Saturday, August 23, 2008

Some Thoughts on the Olympics

First, Michael Phelps was spectacular. There's no denying that. What he did was amazing. Congratulations to him and his teammates. (Note: The most impressive moment of all of the swimming events that I saw was Lezak chasing down and passing Bernard in that 4 x 100 m freestyle relay.)

However, given the coverage and praise that has been heaped upon Phelps, Usain Bolt has not gotten nearly enough attention in the television coverage here in the U.S.

Once again (as happens every time the Olympics comes around), I am reminded that our televised Olympics coverage really is way too America-centric. I wonder what the coverage in Jamaica has been like. I hope Bolt has been getting his due there!

Unfortunately, it seems that half the commentary I have heard about Bolt has been disparaging remarks about his poor sportsmanship (exuberance) and showboating (premature celebration). I feel somewhat cheated by not seeing what he would have done in the 100 m if he had really given it his all. But I will not pile on with the criticism. He left me wanting more. That's all.

Here's my take on Bolt: What he did in the 100 meter race may have been the most jaw-dropping performance I have ever seen in sport. It was utterly astonishing! Basically, the guy coasted for the last 15 meters and he still beat the rest the best in the world have ever offered.

Here's the analogy that came to mind when I saw it: Imagine a 50 meter freestyle race, in the final round of the Olympics, in which someone was so far ahead of the field that he could roll over and take his last two or three strokes on his back, still win the race, and still break the world record. It's unthinkable!

The 100 meter run record is a slow dropper. In the last 25 years, the world record in the event has now dropped, on average, just under 0.01 seconds per year. In the last year, Bolt has been responsible for fully 1/5 of that entire drop. And in establishing the new record in Beijing, he wasn't really trying! The guy didn't push until the end. Not even close. He knew he was going to win, and he relaxed. It was absolutely phenomenal.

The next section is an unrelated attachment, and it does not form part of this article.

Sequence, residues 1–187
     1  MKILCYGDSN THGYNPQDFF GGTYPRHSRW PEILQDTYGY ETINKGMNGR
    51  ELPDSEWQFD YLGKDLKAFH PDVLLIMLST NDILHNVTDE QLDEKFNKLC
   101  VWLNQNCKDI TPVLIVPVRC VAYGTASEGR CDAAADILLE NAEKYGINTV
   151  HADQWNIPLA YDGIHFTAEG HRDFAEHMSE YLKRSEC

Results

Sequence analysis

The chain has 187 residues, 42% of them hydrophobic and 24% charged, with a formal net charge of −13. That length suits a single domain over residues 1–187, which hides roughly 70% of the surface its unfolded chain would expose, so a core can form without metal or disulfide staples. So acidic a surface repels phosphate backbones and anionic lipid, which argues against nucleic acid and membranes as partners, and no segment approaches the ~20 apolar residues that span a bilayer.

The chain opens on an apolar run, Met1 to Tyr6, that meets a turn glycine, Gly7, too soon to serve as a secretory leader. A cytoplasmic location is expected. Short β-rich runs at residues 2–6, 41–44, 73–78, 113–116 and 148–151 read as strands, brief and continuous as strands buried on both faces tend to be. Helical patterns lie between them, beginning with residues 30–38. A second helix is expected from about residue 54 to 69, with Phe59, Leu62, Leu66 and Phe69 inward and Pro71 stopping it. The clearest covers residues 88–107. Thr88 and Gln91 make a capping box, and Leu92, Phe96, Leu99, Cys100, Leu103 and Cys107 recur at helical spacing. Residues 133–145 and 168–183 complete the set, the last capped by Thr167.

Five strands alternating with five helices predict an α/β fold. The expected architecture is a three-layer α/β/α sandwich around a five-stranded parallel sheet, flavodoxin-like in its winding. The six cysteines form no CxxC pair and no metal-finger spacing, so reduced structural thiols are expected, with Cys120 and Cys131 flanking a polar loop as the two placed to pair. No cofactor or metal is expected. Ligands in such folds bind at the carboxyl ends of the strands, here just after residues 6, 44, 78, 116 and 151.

For comparison purposes, consider that in the last 25 years, the 100 meter dash record time has dropped by just 2.4%.

The 50 meter freestyle long course record time has dropped by 5.51%.
The 100 meter butterfly long course record time has dropped by 5.69%.
The 100 meter breaststroke long course record time has dropped by 5.69%. (This shocks me! Given the complete change that the stroke has undergone, I would have though this would be more like a 10-15% drop.)
The 100 meter freestyle long course record time has dropped by 4.68%.

But winning the 100 meter run wasn't the end of it. Bolt then went on to break the 200 meter running record, which has been an even slower dropper than the 100 meter running record! In almost 29 years, the record for the 200 has now dropped by just 2.1%. Based on these record progressions, it's entirely reasonable to assume that runners are closer to reaching the limits of performance than are swimmers. And Bolt has shown that he is closer than anyone, although watching his performances, it's very difficult to assume that he has come close to reaching his own potential.

Again, I'm not saying that Phelps has not been absolutely spectacular. He has. Period. And in terms of what he has done to shatter records, it's absolutely true that Phelps is head and shoulders above anything Bolt has done. For example, in the 200 meter butterfly, Phelps has singlehandedly dropped the record by as much in just over 7 years as it had been previously dropped in just under 25 years. That's incredible! But in terms of strictly what's happened in Beijing, I would argue that Bolt's performance has been every bit as astonishing as Phelps' performance.

(And just for a bit of snarky nostalgia, I'll throw this in: Michael Phelps will always be an underage drunk driver to me.)


There's an often uttered saying in the sports world: "That's why they play the games."

The idea is that on any given day, anyone can be beaten. However, with the women's beach volleyball competition, I really felt as much as ever that there was a foregone conclusion in play.

I could hardly have been less enthusiastic about my role as a spectator in this event. As the tournament was happening, I watched minutes here and there, but I made no real effort to tune in and pay attention. I would stop watching matches long before their conclusions, paying little attention to where the scores stood. I simply assumed that May-Treanor and Walsh would prevail. And, of course, they did not disappoint.

There was no surprise in learning that they had gotten to the gold medal match. There was no surprise in learning that they had not dropped a set. Did I watch the gold medal match? Yes. Start to finish, with almost no enthusiasm. I was awed! I won't deny that. What you're watching when you watch Kerri Walsh and Misty May-Treanor play together is simply the best there has ever been, doing what they do best. You should be aware of it and you should marvel at it. It is a genuine privilege. But sadly, it's just not edge-of-your seat, "anything can happen" competition. It's as much like watching destiny unfold as the sports fan can experience.

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